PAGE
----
How do you crush an interview when you feel underqualified for the position? Many college students experience nervousness leading up to an interview, particularly when they feel inadequate for the position. Here’s why the interview will go much better than expected and how you can dominate as a result.
When You Know You Don’t Know
A college sophomore recently asked me how to best prepare for an upcoming internship interview. He was a business major, interested in working for a financial firm, but didn’t know much about finance. Obviously, that’s a problem.
But I believe the best way to learn is to actually do the thing you’re trying to learn. Employers know this, too. That’s why employers favor college students with relevant work experience. The issue for this inexperienced student, however, was “how do I obtain relevant work experience, if every job requires work experience?” Considering his lack of work experience, landing this internship would be huge.
Impressively, this student had already locked up an interview (through a friend), so now he just needed to convince the interviewer to hire him.
“How much technical financial understanding do you have?” I asked.
“Not much,” he responded. “I’m only a sophomore and haven’t learned much of the technical side. How should I prepare?” he asked nervously.
Knowing What to Say Is More Valuable Than Knowing It
One option would be to try to cram several semesters’ worth of technical know-how during the weeks leading up to the interview. Not only is this approach stressful, it’s also futile. That’s why I suggested he simply concede knowing the technical aspects of finance for the interview. We needed to find a work-around.
“Memorize the buzzwords,” I said. “For example, know what ‘S&P 500,’ ‘AAPL,’ and ‘bull market’ mean. Then just use these buzzwords as much as possible during the interview.”
Why did I recommend using buzzwords? Because memorization is the easiest and fastest form of learning. And when you’re like this student—with homework to do, class to attend, and exams to pass—there is little time to learn additional technical skills. Buzzword usage provides an incredible bang for the buck during an interview.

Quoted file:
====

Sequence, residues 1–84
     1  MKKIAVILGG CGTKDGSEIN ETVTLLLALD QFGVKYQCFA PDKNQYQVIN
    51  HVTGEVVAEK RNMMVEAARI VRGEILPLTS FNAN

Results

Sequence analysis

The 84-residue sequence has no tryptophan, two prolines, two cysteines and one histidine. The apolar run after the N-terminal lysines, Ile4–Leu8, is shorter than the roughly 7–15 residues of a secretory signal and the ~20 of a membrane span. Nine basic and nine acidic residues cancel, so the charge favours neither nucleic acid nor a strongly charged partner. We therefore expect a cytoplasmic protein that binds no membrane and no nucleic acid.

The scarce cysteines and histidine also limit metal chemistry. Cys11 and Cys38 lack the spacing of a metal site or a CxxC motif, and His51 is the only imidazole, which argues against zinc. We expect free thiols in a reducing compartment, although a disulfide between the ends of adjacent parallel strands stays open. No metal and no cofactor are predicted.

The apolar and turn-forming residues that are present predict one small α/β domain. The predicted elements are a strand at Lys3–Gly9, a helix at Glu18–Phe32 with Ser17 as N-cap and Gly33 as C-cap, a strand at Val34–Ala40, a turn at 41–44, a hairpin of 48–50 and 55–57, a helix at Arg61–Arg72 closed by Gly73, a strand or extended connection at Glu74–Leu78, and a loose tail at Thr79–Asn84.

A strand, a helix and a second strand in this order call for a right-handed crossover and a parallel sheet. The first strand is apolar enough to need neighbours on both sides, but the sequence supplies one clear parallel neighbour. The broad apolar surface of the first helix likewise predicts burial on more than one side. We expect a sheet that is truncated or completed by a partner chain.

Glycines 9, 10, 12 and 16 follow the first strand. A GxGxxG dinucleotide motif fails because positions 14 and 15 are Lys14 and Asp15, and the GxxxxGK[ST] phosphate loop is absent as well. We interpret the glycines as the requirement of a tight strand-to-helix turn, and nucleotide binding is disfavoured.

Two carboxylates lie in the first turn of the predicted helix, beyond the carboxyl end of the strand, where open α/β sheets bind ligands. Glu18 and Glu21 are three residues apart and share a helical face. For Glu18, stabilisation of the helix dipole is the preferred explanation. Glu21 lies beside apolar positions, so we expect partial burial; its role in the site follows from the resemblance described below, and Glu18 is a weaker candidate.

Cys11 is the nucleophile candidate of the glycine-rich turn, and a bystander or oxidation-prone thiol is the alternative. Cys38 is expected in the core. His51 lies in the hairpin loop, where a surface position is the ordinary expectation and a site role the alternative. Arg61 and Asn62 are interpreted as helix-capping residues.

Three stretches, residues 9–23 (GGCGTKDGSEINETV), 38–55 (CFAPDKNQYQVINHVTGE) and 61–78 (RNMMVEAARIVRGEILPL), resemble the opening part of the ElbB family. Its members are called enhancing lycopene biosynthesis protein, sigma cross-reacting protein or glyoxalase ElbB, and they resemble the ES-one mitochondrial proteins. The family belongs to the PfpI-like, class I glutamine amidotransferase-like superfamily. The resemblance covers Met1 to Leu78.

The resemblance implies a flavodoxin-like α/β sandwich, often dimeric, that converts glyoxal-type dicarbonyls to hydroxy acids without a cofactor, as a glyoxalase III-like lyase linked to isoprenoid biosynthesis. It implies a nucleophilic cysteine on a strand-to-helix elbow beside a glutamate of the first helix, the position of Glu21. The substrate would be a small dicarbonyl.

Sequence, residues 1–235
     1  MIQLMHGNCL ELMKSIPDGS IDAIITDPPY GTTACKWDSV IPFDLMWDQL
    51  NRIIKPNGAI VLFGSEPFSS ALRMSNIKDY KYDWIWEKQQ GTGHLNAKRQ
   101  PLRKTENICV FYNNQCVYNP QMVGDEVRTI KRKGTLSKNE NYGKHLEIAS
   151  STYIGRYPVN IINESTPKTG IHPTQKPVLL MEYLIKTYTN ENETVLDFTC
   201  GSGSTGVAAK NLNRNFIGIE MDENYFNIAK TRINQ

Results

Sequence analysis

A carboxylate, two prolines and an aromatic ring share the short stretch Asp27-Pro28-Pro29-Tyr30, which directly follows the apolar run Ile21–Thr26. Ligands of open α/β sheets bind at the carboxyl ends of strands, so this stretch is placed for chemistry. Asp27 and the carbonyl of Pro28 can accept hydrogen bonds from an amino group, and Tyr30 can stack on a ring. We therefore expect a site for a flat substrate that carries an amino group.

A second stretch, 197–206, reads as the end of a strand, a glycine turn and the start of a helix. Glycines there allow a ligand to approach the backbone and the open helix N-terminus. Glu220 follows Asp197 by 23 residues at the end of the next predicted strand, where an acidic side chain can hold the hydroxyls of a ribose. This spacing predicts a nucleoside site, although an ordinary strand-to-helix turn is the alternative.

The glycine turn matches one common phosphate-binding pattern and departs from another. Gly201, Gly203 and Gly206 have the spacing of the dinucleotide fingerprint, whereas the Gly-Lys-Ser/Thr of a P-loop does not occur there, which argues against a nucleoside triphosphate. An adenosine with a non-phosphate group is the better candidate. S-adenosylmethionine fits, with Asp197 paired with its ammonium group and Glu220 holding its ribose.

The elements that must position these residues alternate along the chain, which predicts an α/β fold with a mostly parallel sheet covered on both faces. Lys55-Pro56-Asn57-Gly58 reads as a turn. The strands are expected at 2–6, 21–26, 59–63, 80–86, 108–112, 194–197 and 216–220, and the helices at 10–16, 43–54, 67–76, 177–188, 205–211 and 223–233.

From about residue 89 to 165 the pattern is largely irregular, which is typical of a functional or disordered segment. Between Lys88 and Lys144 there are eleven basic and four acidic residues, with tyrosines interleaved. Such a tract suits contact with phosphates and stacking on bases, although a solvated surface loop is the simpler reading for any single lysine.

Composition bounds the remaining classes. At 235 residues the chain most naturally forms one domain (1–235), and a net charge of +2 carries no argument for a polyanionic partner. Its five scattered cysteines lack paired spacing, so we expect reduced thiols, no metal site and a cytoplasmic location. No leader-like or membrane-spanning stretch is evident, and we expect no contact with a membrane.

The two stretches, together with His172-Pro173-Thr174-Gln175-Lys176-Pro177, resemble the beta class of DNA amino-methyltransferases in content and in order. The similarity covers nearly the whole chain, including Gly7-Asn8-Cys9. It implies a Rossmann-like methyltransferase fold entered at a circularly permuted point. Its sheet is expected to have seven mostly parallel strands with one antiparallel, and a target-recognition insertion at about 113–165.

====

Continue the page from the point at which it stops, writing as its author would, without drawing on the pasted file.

Watch this video to see what I mean:
“But what if I am asked technical questions that cannot be deflected through the use of buzzwords?” you object.
Why You Won’t Be Asked Technical Questions During Interview
First, consider that frequently technical mastery is not a perquisite for employment. Instead, technical competency will do. Sure professors often construct their exams to test for technical mastery. But that is not indicative of the real world.
Plus, even if technical questions are asked, they will often not be difficult. Why? Consider the people with the technical know-how. Who are they? The people within the department in which you’ll be working. That means HR personnel (the department that usually conducts interviews) are not equipped to ask you technical questions.
So that leaves it to your prospective boss and his or her coworkers to ask you technical questions. But yet again, the technical questions are likely to be limited. Why? Everyone at the office is busy. People don’t want to take an hour out of their day to interview a college kid. As such, interviews are typically short—often no more than 20 minutes. Long, drawn-out interviews are rare, which means intense, technical questions are also rare.
Start HACKing with Buzzwords
Suppose you were the student who came to me for advice. You are in an interview and are asked, “How would you invest $1 million for a client?” If you merely respond, “I would buy stocks,” your answer does not demonstrate you know anything about finance. A tenth graders knows that. But what if you used buzzwords to formulate your answer: “I would search for assets capable of generating a high return on investment but include a low risk premium.” See how the response gives you so much more credibility? That’s why this approach is called the Buzzword HACK. You can compensate for you lack of understanding just by simply appearing to understand.
Notice, however, there is a difference between industry-specific buzzwords and person-specific buzzwords. Industry-specific buzzwords are good. Person-specific buzzwords are bad. It’s like your friend saying the same joke over and over again. Great the first time; not bad the second time; but annoying the fifth time. That’s often how interviewers feel when they hear a candidate say, “I am a motivated, driven candidate with extensive experience tackling strategic objectives.” Barf. Avoid using these person-specific buzzwords.
So how do you discover the most common buzzwords for your prospective position? Just Google “top 10 [insert industry] terms.”
Using the Buzzword HACK can help you secure highly competitive positions, even positions in which you’re underqualified. It’s a way to crush your interview when you’re short on preparation time.